SABR

Ceresi: An interview with Joe Anders, close friend of Shoeless Joe Jackson

From the late SABR member Frank Ceresi at The National Pastime Museum on March 31, 2014:

Joe Jackson was born in Brandon Mills, South Carolina, on July 16, 1887. His beginnings were no different from thousands of other children who grew up around the mill towns of the South in the late nineteenth century. At the age of six, Joe swept floors in the Brandon Mill, outside of Greenville. His schooling was sporadic at best. Like so many children from the area mill towns, he played a lot of baseball. By the time he was 13, Joe was a regular on the men’s team in Brandon. Even then his legend as an extraordinary ballplayer began to grow. He could throw harder, run faster, and hit longer home runs than anyone had ever seen. Eventually, his playing put food on the table. He earned about $2.50 a game by 1905. That was high living for a poor mill town boy.

About that time, a local woodworker made a special baseball bat for Joe at the Brandon Mill. It weighed about 48 ounces and was lacquered with uncounted coats of either tobacco juice or varnish, most likely a bit of both. “Black Betsy” and one or two sisters (he called them “Blonde Betsys”) accompanied Joe for much of his baseball career. Legendary “Shoeless” Joe Jackson, the greatest player to never make the Hall of Fame, played Major League ball from 1908 until he was banned after the 1920 season. He batted over .400 in his first full season with Cleveland. His lifetime batting average was .356, third in baseball history behind Ty Cobb’s .367 and Rogers Hornsby’s .358.

<snip>

As a result of my longtime interest in Jackson’s career, I had the privilege years ago of traveling to Brandon Mills, where the townsfolk were dedicating the Brandon Mills ball field in honor of their hero, Shoeless Joe Jackson. My son, then a wide-eyed 12-year-old boy, and I were fortunate enough to meet some of the folks who knew and loved Joe not only as a ballplayer, but as a human being. We also visited with and talked with Joe’s younger sister, then nearly 95 years old. And we became friends with two of the nicest people I have ever met—Joe and Kate Anders. Gertrude Trammell, Joe’s sister, and Kate Anders are now deceased, but Joe Anders lives on, carrying like no other the torch for his idol and close friend, Shoeless Joe.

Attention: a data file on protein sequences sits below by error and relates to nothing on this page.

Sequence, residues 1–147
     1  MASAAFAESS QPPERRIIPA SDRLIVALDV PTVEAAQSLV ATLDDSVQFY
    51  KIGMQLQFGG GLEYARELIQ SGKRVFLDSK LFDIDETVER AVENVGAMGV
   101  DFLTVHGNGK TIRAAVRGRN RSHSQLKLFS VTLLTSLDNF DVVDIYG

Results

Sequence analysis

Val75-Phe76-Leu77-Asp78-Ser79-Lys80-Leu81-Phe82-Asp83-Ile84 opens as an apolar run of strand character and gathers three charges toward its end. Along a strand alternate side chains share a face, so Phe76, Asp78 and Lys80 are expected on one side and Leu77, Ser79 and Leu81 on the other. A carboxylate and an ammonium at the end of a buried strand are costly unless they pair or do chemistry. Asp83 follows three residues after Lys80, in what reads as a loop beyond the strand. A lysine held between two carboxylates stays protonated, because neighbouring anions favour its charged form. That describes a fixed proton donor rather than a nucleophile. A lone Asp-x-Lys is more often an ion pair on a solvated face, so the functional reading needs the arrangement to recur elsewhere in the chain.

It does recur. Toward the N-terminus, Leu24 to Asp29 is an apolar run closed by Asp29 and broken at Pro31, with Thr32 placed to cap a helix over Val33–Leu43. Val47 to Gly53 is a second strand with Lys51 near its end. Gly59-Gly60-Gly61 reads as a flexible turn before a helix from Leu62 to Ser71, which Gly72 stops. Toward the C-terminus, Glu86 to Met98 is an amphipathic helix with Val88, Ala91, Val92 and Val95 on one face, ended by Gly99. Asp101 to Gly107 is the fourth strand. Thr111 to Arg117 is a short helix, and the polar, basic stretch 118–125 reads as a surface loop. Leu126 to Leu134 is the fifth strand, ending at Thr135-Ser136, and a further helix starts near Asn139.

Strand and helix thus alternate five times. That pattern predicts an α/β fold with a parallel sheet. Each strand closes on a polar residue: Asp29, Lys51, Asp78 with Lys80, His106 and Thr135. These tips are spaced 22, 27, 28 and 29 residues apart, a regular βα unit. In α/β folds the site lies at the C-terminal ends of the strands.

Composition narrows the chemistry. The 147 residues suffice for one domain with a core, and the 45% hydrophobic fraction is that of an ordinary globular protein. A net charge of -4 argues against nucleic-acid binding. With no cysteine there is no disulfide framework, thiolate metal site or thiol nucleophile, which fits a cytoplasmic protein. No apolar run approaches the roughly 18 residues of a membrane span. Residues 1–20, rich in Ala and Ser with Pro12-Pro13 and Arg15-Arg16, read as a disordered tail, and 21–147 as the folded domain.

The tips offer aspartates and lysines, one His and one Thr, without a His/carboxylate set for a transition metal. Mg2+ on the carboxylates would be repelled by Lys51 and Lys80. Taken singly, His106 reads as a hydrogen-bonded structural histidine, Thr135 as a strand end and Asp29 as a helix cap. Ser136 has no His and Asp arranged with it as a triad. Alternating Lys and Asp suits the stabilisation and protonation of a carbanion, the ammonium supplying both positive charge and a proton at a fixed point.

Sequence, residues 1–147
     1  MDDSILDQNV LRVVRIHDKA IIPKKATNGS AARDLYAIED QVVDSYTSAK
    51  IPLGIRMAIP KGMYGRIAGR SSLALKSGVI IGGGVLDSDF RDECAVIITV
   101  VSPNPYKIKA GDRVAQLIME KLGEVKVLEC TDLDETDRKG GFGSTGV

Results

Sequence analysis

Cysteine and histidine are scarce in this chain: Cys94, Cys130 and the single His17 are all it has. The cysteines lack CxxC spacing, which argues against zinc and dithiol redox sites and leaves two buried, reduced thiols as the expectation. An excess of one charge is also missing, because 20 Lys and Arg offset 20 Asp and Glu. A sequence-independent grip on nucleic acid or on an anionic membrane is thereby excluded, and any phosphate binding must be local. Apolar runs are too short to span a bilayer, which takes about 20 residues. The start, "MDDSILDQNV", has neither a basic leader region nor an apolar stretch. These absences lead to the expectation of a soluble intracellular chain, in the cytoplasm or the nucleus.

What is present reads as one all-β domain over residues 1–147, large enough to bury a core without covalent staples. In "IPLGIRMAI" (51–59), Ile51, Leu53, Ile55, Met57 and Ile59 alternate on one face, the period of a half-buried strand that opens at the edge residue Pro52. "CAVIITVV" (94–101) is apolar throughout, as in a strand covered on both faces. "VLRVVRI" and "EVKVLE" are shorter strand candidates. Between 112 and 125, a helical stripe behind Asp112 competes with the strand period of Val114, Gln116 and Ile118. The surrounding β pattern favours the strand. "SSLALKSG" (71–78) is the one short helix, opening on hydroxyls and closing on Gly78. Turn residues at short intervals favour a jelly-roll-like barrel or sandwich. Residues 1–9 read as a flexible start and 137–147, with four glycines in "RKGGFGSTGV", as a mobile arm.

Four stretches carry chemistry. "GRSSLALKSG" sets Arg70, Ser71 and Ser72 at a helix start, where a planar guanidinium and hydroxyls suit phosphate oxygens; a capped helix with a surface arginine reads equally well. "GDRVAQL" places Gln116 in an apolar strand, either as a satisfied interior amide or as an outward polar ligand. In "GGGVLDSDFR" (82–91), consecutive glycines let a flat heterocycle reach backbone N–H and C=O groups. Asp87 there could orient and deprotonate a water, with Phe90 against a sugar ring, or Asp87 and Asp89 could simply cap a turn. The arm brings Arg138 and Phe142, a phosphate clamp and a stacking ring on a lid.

In the following exclusive interview, Joe Anders, who was close to Joe Jackson from the late 1930s until his death in 1951, gave us a picture of what kind of person Jackson really was.

Read the full article here: http://www.thenationalpastimemuseum.com/article/shoeless-joe-jackson

This page was last updated March 31, 2014 at 5:00 pm MST.

Individual Memberships start at just $45/year

Become A Member Today

When you join SABR you are making a statement of support for baseball history. You are joining a worldwide community of people who love to read about, talk about and write about baseball.